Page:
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Unit 7

Chapter Overview
Students learn how genetic material is used by the cell to make new molecules important in trait expression and heredity.  They develop an understanding of how the genetic code found in DNA drives the structure and function of the organism through the process of protein synthesis.  They build an understanding of the processes of transcription and translation and the role they play in protein production.  Students explore how the structure of nucleic acids provides a mechanism for storing information needed in building proteins, which are a key molecule in heredity.  Students identify various types of genetic mutations and examine how these mutations may disrupt the genetic process.

Main Ideas
***The structure of nucleic acids (DNA and RNA) provides a mechanism to store and transmit genetic information.
***Mutations may disrupt the genetic process.

***Students may think all mutations are harmful to the organism, rather than understanding that mutations are not always harmful and in some cases can be beneficial or simply silent.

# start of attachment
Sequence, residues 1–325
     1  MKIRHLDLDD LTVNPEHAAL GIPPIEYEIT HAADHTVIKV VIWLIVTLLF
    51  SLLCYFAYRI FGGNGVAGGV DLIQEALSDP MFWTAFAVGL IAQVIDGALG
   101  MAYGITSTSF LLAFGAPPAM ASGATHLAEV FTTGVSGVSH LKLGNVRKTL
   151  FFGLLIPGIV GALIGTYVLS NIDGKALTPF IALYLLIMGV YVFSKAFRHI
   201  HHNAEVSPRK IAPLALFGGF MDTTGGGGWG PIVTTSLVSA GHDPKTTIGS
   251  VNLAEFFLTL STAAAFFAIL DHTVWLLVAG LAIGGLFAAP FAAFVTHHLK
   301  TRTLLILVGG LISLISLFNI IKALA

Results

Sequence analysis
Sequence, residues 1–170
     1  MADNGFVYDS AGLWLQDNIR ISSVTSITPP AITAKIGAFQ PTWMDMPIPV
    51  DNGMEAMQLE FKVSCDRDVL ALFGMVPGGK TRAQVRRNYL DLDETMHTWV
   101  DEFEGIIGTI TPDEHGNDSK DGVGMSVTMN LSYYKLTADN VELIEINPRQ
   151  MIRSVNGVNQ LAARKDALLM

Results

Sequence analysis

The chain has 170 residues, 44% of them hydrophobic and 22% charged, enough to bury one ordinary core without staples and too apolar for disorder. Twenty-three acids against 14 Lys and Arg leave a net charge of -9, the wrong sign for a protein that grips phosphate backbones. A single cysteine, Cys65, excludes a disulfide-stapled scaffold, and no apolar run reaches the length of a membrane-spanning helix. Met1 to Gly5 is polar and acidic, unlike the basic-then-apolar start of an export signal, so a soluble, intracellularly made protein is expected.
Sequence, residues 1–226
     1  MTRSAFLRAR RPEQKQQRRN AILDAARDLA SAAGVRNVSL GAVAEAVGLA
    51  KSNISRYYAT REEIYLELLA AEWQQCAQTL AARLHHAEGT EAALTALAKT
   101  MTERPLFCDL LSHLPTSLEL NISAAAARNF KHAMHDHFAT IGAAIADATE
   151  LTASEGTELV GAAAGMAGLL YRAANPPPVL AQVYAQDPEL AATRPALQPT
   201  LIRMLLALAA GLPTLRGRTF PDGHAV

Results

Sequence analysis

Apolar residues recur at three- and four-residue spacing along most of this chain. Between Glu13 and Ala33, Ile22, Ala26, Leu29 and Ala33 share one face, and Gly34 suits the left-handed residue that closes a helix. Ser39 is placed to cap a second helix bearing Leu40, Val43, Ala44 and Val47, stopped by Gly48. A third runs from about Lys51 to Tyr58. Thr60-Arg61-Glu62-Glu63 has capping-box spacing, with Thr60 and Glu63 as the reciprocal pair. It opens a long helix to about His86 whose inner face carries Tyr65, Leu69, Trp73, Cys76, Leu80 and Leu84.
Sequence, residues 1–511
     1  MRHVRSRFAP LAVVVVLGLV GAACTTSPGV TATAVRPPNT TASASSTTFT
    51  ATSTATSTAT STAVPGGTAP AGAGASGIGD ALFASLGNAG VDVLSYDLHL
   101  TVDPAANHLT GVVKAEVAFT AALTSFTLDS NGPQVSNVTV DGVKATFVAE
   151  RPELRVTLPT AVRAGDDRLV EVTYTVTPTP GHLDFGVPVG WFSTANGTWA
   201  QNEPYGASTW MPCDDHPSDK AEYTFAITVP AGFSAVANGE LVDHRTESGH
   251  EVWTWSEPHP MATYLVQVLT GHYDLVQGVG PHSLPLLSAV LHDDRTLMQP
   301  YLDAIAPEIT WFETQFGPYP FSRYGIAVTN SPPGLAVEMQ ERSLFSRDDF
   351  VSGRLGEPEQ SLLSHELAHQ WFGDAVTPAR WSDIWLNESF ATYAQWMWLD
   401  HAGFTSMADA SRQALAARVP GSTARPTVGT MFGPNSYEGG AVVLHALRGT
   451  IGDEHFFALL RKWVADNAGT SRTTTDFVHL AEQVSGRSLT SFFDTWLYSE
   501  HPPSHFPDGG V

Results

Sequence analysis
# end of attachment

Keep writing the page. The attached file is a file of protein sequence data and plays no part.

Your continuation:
***Students may think that protein synthesis is carried out differently in each species, rather than understanding that the basics of protein synthesis are the same for all organisms. 
***Students may think the process of protein synthesis is the same as DNA replication, rather than understanding that they are two separate processes serving different purposes. 
***Students may think amino acids are produced by the process of translation, rather than understanding that those building blocks are either obtained from diet or synthesized in other biochemical processes.

Protein synthesis – cellular process used to make proteins, which includes transcription and translation
Transcription – process of copying DNA into mRNA in gene expression
Translation process by which mRNA is used to synthesize amino acids
Ribosome – site of protein synthesis (translation) where amino acids are linked together to build proteins
mRNA (messenger RNA) – coding strand of RNA that carries genetic information from the DNA to ribosomes where it then specifies how to build proteins
Codon sequence of three nitrogen bases in mRNA that codes for an amino acid
rRNA (ribosomal RNA) – noncoding strands of RNA that serves as the subunits of ribosomes
tRNA (transfer RNA) – noncoding strands of RNA that carry amino acids to ribosomes
Anticodon sequence of three nitrogen bases on tRNA that must match with the codon on the mRNA
Mutation – change in DNA sequence

Other Valuable Resources

DNA vs RNA: Amoeba Sisters

DNA to Protein

Protein Synthesis: Amoeba Sisters

Protein Synthesis: Crash Course (more detail)

Mutations: Amoeba Sisters